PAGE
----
BENBROOK, Texas — On a day meant to honor a loved one, Phillip Brawley believes it may have been that exact loved one who was looking out for him as a hidden medical condition took him from the starting line to the emergency room.  

The athletic 40-year-old from Benbrook, who lives outside of Fort Worth, experienced a life-threatening stroke only a few months ago.

“I surprise everybody,” said Brawley as he recovered in his home this month.

It was early April when it all happened. Brawley and his family were in Fort Worth for the annual Victory Over Violence 5K run; an event that they take part in every year to honor a victim of gun violence who's very close to their hearts.

In 2010, Brawley’s brother-in-law, Eric Forrester, was coming home with his sister when Brawley said they found their family’s home being invaded by armed burglars. He said Forrester, who was just 17 and still in high school, sent his sister to get help at a neighbor’s house.

“He approached them and they came down the steps and they basically executed him, shot him in the back of the head,” said Brawley.

Two teens were eventually convicted of killing Forrester. Brawley and his family have continued to take up the cause of gun violence and run for Forrester each year in that 5K.

Before the race, Brawley said people around him at the starting area asked him if he was OK. To him, everything seemed normal. He didn’t believe he was acting any differently than he normally would. However, everybody else watched as he fell deeper and deeper into a serious situation.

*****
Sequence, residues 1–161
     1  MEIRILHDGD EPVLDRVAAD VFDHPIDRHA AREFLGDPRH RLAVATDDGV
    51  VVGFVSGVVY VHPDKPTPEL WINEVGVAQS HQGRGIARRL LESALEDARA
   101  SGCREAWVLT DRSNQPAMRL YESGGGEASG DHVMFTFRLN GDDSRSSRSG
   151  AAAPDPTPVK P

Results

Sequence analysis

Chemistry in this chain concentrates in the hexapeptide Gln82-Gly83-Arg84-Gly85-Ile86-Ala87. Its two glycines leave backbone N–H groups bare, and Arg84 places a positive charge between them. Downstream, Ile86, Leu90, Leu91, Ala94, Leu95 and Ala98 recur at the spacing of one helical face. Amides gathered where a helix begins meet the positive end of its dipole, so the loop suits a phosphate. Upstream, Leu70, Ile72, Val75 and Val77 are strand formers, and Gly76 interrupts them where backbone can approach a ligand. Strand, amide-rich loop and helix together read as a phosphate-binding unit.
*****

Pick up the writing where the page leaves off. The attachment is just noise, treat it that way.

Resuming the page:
“I started saying weird things and not responding,” said Brawley. “My whole body was starting to curl up.”

Eventually, Brawley was down in the grass as paramedics rushed to his aid and quickly sent him to Texas Health hospital for emergency help. Doctors say it’s a good thing they moved fast because the 40-year-old was having a very serious stroke.

“His speech was garbled, he was almost completely paralyzed on the left side,” said Dr. Yinn Cher Ooi. “In his case, he actually had what we call a PFO, which is basically the medical term for basically a hole in the heart.”

Brawley had been living with a hidden medical condition. According to Texas Health, about 25% of adults have a PFO and though it doesn’t put all of those people at a higher risk for a stroke, it is often present in many strokes that don’t otherwise have an identifiable cause. It’s also, Dr. Ooi said, one of those things that people don’t really realize they have until a situation arises.

Dr. Ooi said early intervention is one of the biggest life-saving factors in a stroke, though. It's the fifth leading cause of death in the U.S., and he said being able to get help fast is absolutely key.

Brawley said he didn’t feel scared at that moment, but what scares him is the fact that he may have died without that early intervention. He didn’t even realize he was showing any symptoms of a stroke. Brawley said had he not been around all of those people at the race, he could have easily been alone when that emergency struck and things could have ended much differently.

He’s now recovering, and had surgery, correcting the danger hidden inside of him. Brawley said he can’t help but feel like Forrester was guiding him that day, making sure he was where he was when he needed other people near to save his life.

“He was watching over, or there was a reason why we were all there and it happened on this day,” said Brawley with a shrug.

The American Stroke Association urges everyone to remember the word FAST in spotting the signs of a stroke. You should watch for face drooping, arm weakness, speech difficulty, and if those things are present, it’s time to call 911.